Andrew McLaughlin’s unconventional route equipped him to be GC at Major Drilling

His international and cross-cultural experience helped him connect with his company’s global offices

Andrew McLaughlin’s unconventional route equipped him to be GC at Major Drilling

Andrew McLaughlin didn’t take the conventional route into the legal field – his career began in the Canadian embassies in Havana and Mexico City. Now, as Vice President of Legal Affairs & General Counsel at Major Drilling, he tells Canadian Lawyer that his unique blend of legal expertise and political know-how can be a game changer.

“Initially, I didn't think there would be much overlap at all,” says McLaughlin. “However, I think one of the greatest benefits of those six years living and working in Latin America is it provided me with the credibility of having spent time out in the world outside of Canada. You're interacting with society on a daily basis...it allows you to get a bit of a deeper engagement with other cultures and ways of doing business.”

This international exposure equipped McLaughlin with a unique perspective, crucial in navigating the diverse political and cultural landscapes in which Major Drilling operates. His time abroad enabled him to step outside the Canadian context, allowing for a more nuanced approach.

This ability to engage with different cultures is not just an added skill but an integral part of his role in the company.

“We’re spread across 15 branches around the world,” he tells Canadian Lawyer. “I don't necessarily default to that Canadian context or Canadian reality in my thinking. I try to understand a little bit more about the local context, the driving forces in society that can play into the situation.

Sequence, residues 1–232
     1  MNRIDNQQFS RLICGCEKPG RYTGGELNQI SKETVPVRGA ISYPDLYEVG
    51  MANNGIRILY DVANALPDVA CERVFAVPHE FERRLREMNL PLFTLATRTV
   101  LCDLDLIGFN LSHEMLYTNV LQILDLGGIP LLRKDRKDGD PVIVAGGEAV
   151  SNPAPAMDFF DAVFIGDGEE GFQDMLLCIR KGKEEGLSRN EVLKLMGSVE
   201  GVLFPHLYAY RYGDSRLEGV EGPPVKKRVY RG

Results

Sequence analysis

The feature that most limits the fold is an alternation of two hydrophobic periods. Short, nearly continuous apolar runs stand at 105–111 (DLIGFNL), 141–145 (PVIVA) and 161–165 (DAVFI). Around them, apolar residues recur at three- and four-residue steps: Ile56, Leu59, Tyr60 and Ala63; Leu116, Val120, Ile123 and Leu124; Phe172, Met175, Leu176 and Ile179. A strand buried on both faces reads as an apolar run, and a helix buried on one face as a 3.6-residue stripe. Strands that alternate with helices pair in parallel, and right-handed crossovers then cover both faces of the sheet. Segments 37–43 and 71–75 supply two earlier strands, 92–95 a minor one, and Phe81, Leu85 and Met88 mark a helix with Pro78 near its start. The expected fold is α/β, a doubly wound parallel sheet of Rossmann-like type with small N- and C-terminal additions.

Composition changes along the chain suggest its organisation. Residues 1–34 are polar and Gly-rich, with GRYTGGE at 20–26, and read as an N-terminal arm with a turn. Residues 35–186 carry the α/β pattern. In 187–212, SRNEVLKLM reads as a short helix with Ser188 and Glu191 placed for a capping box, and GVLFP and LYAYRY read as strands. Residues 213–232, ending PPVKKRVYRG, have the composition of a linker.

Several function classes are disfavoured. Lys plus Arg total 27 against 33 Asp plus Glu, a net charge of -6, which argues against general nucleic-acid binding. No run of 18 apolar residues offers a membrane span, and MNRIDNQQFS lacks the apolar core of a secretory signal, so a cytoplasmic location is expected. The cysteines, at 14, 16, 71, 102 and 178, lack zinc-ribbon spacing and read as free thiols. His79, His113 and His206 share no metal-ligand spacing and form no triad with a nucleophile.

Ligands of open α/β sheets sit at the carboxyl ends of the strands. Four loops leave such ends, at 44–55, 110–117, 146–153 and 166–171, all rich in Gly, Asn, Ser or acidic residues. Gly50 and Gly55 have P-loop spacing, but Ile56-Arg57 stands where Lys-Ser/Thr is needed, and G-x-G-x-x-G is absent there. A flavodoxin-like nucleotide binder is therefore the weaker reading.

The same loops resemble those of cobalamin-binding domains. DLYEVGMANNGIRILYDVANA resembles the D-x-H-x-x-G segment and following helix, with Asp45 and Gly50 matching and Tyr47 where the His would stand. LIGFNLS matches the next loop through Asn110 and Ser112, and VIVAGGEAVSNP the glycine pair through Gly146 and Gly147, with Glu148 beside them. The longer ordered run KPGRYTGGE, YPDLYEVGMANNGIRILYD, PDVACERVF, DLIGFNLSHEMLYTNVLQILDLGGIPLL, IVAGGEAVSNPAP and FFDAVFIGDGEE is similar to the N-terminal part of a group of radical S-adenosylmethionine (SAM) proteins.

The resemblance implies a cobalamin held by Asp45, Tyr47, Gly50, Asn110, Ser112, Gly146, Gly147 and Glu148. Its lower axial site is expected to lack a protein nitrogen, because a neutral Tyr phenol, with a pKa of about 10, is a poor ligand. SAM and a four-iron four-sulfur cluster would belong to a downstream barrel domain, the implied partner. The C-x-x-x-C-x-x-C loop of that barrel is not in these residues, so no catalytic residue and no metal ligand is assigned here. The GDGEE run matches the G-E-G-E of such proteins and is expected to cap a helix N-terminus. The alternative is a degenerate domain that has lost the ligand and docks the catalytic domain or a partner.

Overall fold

“We have employees all around the world, and I believe they appreciate the fact that I haven’t just been working from behind a desk in Canada for my whole career.”

During his time in Latin America, McLaughlin's Spanish proficiency and familiarity with local customs provided a significant advantage, building camaraderie and enabling smoother operations across different regions.

“The fact that I can engage in Spanish with our teams, it brings some familiarity and credibility,” he says. “This can help in developing a deeper and quicker connection.”

However, the connection also sheds light on deeper issues within specific communities – challenges that organizations must heed.

“When thinking about some of the environmental concerns and human rights concerns we see on occasion in this industry – it's really those companies that are paying attention to these issues, that will listen to those concerns and genuinely care about those communities, those are the ones that are poised to be successful over the long run. It’s this whole idea of a social license to operate, and that's the notion that I carry with me to this day.”

And McLaughlin's not alone in stressing the importance of sustainability. If the past few months have taught us anything, it’s that for employees, and by extension, the companies they opt to work for, ESG is fast becoming a big priority.

For younger, top tier and in-demand talent, having authentic ESG policies and values is essential. So much so that a recent report from KPMG found that 20 percent of younger jobseekers have turned down a new role because they didn’t think that the company’s ESG values matched their own. Moreover, half of the employees aged 18 to 24 said they’d quit their current job if they found out their company wasn’t honest about its sustainability approach.